What traditions to you keep with your kids? Which are your favorites and which do your kids love?
Paleo Vegan Almond Pancakes
Egg-free, dairy-free, gluten-free, and grain-free pancakes. The perfect breakfast recipe for those with gluten, egg, or dairy sensitivities!
- 5 Tbsp. flax seed ground
- 7.5 Tbsp. cold water
- 150 g almond flour ~1.5 cups
- 100 g coconut flour ~1 cup
- 1.5 tsp. baking soda
- 1 tsp. cream of tartar
- 1/2 tsp. sea salt
- 2 Tbsp. coconut sugar
- 1/4 cup coconut oil melted
- 2 Tbsp. apple cider vinegar
- 1 tsp. vanilla
- 1.5 cups almond milk
- olive oil for cooking
Flax Seed Eggs
Mix ground flax seed and cold water in a small bowl and set aside to gel.
In a large bowl, weigh the almond flour and coconut flour. Add baking soda, cream of tartar, salt, coconut sugar, coconut oil, apple cider vinegar, and vanilla, Stir to combine.
Once coconut oil is incorporated, stir in the almond milk and flax seed eggs. These are mixed in last so the coconut oil doesn't firm up into hard balls.
Let the bowl sit on the counter, untouched for 20 minutes. DO NOT SKIP THIS STEP.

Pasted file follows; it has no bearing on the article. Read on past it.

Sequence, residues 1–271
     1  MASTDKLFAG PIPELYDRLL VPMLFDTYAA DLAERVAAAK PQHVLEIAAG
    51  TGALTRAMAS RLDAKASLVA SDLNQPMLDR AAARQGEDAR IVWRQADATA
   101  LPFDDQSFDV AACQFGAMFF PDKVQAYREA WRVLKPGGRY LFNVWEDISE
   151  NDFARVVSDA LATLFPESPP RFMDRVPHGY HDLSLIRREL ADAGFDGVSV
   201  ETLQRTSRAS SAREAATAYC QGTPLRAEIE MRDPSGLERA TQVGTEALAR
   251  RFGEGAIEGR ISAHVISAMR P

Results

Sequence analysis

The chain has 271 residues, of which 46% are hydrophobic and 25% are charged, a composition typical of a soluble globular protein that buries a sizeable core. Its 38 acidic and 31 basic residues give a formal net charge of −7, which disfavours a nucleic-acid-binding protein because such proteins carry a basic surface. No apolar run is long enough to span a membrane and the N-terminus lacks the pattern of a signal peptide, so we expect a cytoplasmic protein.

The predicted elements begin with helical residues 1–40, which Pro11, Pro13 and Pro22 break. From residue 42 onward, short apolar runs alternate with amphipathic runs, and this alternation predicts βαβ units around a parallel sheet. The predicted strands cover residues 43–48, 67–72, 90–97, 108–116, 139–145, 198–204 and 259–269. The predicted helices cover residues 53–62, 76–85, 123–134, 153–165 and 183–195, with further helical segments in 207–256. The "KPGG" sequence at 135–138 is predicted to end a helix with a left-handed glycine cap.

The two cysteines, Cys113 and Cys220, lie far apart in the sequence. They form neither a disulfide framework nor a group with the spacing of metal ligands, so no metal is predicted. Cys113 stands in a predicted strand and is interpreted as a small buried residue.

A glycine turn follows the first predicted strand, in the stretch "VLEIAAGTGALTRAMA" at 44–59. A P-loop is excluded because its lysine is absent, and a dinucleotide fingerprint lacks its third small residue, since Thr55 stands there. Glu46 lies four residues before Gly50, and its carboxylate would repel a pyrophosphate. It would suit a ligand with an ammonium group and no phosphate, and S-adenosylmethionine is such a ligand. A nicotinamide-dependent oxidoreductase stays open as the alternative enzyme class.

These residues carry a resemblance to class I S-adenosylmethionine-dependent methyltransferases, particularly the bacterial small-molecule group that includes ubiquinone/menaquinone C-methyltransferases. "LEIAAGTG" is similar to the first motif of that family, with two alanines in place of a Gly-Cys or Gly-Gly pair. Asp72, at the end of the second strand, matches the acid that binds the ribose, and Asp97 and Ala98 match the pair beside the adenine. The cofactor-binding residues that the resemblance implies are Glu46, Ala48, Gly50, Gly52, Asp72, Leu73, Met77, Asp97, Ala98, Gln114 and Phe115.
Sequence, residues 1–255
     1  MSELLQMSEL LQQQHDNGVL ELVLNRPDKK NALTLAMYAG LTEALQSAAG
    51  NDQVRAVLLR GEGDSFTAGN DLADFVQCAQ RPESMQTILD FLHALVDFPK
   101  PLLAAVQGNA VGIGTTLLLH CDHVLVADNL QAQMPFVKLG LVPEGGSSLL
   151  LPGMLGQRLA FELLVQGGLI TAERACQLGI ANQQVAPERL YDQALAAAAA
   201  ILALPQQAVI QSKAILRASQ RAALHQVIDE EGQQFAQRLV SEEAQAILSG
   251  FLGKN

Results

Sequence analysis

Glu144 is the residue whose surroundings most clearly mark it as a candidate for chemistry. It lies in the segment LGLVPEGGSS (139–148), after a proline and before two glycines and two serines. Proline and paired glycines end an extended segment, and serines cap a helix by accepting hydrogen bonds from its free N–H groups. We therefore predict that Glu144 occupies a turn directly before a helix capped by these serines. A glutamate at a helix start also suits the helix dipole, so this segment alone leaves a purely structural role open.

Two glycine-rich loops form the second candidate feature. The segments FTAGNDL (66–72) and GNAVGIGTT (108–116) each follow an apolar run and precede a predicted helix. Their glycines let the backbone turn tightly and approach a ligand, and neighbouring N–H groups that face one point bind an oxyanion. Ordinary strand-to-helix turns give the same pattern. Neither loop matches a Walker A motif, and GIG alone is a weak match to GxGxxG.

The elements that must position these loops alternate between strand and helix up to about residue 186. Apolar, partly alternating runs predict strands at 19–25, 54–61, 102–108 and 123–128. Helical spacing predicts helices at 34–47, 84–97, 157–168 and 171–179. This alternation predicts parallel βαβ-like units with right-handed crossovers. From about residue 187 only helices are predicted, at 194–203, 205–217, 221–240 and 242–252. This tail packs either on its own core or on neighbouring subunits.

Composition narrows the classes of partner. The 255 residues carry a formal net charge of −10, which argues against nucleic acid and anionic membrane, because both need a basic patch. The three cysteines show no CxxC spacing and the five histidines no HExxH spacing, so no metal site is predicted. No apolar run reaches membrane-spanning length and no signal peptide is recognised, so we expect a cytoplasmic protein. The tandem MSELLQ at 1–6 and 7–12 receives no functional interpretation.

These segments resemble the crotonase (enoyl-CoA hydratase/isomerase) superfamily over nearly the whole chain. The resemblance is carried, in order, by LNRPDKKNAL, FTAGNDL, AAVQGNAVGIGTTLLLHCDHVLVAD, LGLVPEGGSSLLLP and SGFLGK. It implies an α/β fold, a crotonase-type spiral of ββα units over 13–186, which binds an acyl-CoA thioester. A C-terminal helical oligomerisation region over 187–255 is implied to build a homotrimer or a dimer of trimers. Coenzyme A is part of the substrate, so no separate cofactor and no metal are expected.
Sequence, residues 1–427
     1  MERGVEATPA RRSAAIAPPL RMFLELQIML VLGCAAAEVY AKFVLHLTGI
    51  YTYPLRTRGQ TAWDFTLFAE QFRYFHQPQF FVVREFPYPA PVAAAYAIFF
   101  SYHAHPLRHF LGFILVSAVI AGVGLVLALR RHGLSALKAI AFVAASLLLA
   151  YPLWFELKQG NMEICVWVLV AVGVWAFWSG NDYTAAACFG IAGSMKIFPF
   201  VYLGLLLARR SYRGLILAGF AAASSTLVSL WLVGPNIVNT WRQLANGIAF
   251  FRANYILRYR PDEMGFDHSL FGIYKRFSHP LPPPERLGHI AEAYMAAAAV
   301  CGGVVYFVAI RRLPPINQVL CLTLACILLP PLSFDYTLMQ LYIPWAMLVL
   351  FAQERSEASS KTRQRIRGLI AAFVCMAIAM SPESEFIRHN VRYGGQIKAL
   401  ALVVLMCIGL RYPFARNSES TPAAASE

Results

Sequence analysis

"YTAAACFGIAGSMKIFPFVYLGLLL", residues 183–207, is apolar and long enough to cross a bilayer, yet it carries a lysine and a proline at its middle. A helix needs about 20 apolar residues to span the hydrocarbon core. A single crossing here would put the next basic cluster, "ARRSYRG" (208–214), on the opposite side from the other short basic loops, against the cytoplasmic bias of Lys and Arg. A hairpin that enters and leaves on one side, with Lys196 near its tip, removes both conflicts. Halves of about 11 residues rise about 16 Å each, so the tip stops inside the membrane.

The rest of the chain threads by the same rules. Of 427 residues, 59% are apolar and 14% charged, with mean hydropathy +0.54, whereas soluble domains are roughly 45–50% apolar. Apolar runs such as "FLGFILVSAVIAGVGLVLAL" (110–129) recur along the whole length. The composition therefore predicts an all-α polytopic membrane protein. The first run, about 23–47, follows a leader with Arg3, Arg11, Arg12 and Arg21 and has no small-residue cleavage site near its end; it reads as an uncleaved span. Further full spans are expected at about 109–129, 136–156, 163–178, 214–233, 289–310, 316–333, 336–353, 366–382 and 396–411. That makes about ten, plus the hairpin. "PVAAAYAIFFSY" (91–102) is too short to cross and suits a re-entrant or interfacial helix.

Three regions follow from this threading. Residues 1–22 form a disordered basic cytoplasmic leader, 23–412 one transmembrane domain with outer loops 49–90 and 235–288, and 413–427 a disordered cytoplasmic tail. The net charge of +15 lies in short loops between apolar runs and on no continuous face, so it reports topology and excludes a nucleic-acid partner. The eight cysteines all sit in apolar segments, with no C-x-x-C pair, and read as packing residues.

Cook the Pancakes
Warm up a large flat nonstick skillet over medium-low heat. Add 1 tablespoon of olive oil to the pan.
When the pan is hot, spoon pancake batter onto pan and press into pancake shape. Either do this with a spoon after batter is on the pan or scoop some into your hand, form a patty, then lay the patty on the pan. The batter will be very thick and unlike other pancake batter so will form easily in your hands.
Let pancake cook until brown on one side, about 4-5 minutes, then flip and cook until brown on the other side, about 4 minutes.
These pancakes cook slowly so I usually have two pans cooking at the same time with 4 pancakes in each pan. The recipe makes 16, 4 inch pancakes, so each pan only has to be reloaded once.